The Egyptian Museum is hard to miss: a great pink building just off Tahrir Square, which is now surprisingly calm, and has traffic lights (!). In the garden, some pieces of Pharaonic artwork can already be admired, such as the granite sphinx on which people like to place their children in order to pose for photographs (!). On the left end of the garden, you’ll find the tomb of Auguste Mariette, founder of the museum. After a decade, it is now allowed to take photographs again inside the museum. This rule however has some flaws in its implementation. Outside, you can buy a photo ticket for 50 LE, but when you try to enter the museum with more than one camera, you are required to either buy a second photo ticket or hand in one of your cameras at the booth outside. This causes the occasional frustration among tourists. Furthermore, you are not allowed to take photographs with your smartphone. This sub-rule however is very ambiguously applied, as Egyptians are constantly taking photographs with their smartphone, with or without placing their children on ancient statues in order to pose for the photo (!). Also, for some reason you are not allowed to take photographs of the mask of Tutankhamun and of the Tanis treasure.
Since the museum has hardly changed its appearance since the 19th century, lighting is of inferior quality, and many splendid pieces are left in the dark, making them hard to photograph. In spite of the hard work of the personnel to clean the glass of the showcases, some of it (especially with the sarcophagi on the second floor) is still monumental glass that is yellow and wavy. Having said this, the Egyptian Museum in Cairo is still the most splendid collection of Egyptian artefacts you will find in the world, until the Grand Egyptian Museum will be ready in a couple of years. Perhaps then the bowels of the museum (its basement, filled to the brim with objects sometimes unseen since their excavation) can be brought to light and its contents studied by hundreds of Egyptologists for the next century to come. One can only dream.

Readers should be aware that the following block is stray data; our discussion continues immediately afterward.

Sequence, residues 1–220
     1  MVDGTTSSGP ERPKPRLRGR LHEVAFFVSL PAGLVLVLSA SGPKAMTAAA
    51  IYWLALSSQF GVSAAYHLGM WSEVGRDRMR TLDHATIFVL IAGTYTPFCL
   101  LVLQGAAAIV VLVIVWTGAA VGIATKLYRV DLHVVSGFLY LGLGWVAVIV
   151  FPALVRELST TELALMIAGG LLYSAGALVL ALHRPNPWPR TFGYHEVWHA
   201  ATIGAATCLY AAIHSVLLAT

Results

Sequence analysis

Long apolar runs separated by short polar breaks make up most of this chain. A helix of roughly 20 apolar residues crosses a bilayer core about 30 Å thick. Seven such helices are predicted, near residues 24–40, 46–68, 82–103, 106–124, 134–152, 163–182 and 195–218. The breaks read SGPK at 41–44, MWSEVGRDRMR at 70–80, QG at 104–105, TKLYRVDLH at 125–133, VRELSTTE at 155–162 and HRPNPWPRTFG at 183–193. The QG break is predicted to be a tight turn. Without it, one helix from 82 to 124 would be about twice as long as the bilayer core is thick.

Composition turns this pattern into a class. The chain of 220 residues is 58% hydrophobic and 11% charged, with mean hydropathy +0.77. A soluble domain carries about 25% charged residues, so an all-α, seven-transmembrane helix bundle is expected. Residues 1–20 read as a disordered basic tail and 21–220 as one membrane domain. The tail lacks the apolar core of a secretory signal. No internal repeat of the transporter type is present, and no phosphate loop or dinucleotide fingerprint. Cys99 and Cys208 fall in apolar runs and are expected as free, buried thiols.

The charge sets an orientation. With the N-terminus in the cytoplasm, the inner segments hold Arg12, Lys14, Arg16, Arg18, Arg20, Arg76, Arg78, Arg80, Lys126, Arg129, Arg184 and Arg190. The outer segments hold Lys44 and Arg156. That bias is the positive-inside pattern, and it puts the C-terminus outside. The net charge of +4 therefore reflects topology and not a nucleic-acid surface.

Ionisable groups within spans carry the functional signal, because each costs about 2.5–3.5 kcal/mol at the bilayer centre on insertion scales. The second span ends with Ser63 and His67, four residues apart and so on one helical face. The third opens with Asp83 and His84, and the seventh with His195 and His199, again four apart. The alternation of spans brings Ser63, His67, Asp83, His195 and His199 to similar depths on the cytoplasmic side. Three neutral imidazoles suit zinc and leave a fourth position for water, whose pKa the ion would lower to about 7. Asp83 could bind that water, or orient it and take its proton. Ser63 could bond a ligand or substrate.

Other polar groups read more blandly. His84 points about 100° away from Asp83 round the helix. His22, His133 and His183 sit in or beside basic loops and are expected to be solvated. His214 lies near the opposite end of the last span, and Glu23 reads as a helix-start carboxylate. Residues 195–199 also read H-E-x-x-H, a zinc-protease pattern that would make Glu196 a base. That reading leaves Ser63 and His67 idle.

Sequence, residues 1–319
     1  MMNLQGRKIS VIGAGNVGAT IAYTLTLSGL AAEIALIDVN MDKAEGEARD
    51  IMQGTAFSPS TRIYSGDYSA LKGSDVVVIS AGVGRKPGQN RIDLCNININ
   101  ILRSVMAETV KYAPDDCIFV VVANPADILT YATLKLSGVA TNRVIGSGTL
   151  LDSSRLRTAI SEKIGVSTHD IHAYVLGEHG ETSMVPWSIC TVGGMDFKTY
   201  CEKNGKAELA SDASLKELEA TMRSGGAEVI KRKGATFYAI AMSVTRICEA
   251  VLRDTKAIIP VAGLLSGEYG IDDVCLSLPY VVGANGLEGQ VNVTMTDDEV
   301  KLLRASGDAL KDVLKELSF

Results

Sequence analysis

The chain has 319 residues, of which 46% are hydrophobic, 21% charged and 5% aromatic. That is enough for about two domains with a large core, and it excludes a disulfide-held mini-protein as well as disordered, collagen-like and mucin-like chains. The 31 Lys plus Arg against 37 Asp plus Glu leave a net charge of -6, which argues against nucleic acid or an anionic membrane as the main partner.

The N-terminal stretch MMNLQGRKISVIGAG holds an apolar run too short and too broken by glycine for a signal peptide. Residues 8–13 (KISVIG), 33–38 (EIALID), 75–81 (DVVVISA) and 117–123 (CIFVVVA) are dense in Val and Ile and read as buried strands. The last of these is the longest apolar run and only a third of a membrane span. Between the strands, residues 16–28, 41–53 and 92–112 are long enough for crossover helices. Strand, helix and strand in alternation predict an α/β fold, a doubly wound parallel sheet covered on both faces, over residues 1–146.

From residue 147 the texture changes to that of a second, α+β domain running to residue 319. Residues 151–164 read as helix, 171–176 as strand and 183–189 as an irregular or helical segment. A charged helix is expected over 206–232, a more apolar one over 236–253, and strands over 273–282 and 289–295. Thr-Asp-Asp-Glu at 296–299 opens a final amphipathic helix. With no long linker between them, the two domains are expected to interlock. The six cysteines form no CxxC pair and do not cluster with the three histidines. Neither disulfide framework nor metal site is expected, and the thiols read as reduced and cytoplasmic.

Giza is a place of wonder, but also of mixed emotions. The pyramids of Khufu, Khafre and Menkaure are splendid as they tower over the city below, but the truth is that these monuments are now almost completely surrounded by development on all sides. This can be aptly spotted on Google Earth. All along the edge from Abu Roash north of Giza to Medum, 65 km to the south, the remains are shattered of mortuary architecture from the Old Kingdom to the Late Period. Pyramid complexes, sun temples, mastaba tombs, rock-cut tombs, temple tombs, shaft tombs and other monuments are under threat from development, tourism and, in some cases, illegal digging. It is a double feeling that tourism both holds the key to the preservation of sites through the generating of the funds for their upkeep, and the attention rendered, but also eventually to their demise. The mastaba fields surrounding the pyramids of Giza are littered with refuse, while camels are stationed between the monuments, and tombs and pyramid chambers are used as toilets by guards.